Busy start to RIMPAC sea phase for Success

Published on LEUT Vishal Bhakoo (author), LSIS Brenton Freind (photographer)

Location(s): IVO Honolulu, Hawaii

HMAS Success (centre) conducts a dual RAS (Replenishment at Sea) with USS Sampson (left) and USS Lake Champlain (right) during the Sea Phase of Exercise RIMPAC 2014.  (photo: Leading Seaman Brenton Freind)
HMAS Success (centre) conducts a dual RAS (Replenishment at Sea) with USS Sampson (left) and USS Lake Champlain (right) during the Sea Phase of Exercise RIMPAC 2014.

Exercise Rim of the Pacific 2014 (RIMPAC) involves 49 ships, six submarines and multiple fixed and rotary winged aircraft from 22 countries.

HMAS Success has been busy since sailing from Pearl Harbor for the sea phase of RIMPAC, having conducted replenishment operations with Her Majesties Canadian Ship Calgary and United States Ships Lake Champlain, Spruance and Sampson. She has also operated with the Canadian submarine HMCS Victoria

The Replenishment at Sea (RAS) conducted with Sampson and Lake Champlain was the first dual RAS performed by Success in six years, so her Ship’s Company were keen to demonstrate her capabilities. 

The Commanding Officer of HMAS Success, Captain Allison Norris said the Royal Australian Navy’s Auxiliary Oiler Replenishment ship was thriving in the dynamic nature of the exercise. 

“This is an amazing opportunity for Success to demonstrate her replenishment and logistic capabilities within this multi-asset environment.”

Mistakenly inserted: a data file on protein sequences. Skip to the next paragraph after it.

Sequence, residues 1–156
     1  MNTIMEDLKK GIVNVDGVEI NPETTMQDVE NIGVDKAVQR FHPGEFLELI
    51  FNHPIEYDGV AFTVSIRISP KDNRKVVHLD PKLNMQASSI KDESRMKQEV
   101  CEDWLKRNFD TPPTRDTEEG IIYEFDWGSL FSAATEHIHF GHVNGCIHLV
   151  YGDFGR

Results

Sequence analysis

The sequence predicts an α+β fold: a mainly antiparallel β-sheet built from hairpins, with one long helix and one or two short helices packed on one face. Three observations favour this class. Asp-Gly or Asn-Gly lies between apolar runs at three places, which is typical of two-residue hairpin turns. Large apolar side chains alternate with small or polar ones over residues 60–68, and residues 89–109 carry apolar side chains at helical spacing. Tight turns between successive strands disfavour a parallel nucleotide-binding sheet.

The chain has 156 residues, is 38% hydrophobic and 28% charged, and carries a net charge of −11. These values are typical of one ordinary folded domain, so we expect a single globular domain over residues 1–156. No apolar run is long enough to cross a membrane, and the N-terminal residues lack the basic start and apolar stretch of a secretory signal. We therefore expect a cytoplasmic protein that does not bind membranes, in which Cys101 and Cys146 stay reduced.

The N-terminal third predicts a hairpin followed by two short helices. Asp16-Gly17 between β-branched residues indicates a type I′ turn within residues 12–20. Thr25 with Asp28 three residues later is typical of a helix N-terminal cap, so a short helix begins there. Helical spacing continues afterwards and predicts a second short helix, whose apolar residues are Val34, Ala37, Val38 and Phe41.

HMCS Calgary (near) holds her station astern as HMAS Success (centre) conducts a dual RAS (Replenishment at Sea) off the coast of Hawaii with USS Lake Champlain and USS Sampson (left) during the Sea Phase of Exercise RIMPAC 2014.

HMCS Calgary (near) holds her station astern as HMAS Success (centre) conducts a dual RAS (Replenishment at Sea) off the coast of Hawaii with USS Lake Champlain and USS Sampson (left) during the Sea Phase of Exercise RIMPAC 2014.

The dual RAS required full commitment from all personnel with two full RAS teams closed up for the evolution, while helicopter and small boat evolutions were also conducted simultaneously.  The ship’s bridge team had to be particularly focused as they closely monitored the movement of both coalition ships as they maintained their replenishment stations to Success. 

Success’s Chief Coxswain, Chief Petty Officer Raechelle Henderson was on the helm during the dual RAS.

“The four hour evolution took a lot of concentration at the helm and it gave me a real sense of achievement at the end,” Chief Petty Officer Henderson said. 

Assistant Officer of the Watch, Sub-Lieutenant Rhian Campbell-McBride, who recently received her Bridge Warfare Certificate onboard Success, said she enjoyed the dynamic nature of the evolution.

“It was amazing to see five ships so close together and the helicopter in such close proximity. This is why I joined the Navy as a Maritime Warfare Officer. It was a great experience, and I’m looking forward to doing it again soon,” Sub-Lieutenant Campbell-McBride said. 

Success will continue in her key refuelling role at RIMPAC 2014 until the end of July.

HMAS Success (centre) conducts a dual RAS (Replenishment at Sea) off the coast of Hawaii with USS Sampson (left) and USS Lake Champlain (right), while other RIMPAC ships hold station astern during the Sea Phase of Exercise RIMPAC 2014.

HMAS Success (centre) conducts a dual RAS (Replenishment at Sea) off the coast of Hawaii with USS Sampson (left) and USS Lake Champlain (right), while other RIMPAC ships hold station astern during the Sea Phase of Exercise RIMPAC 2014.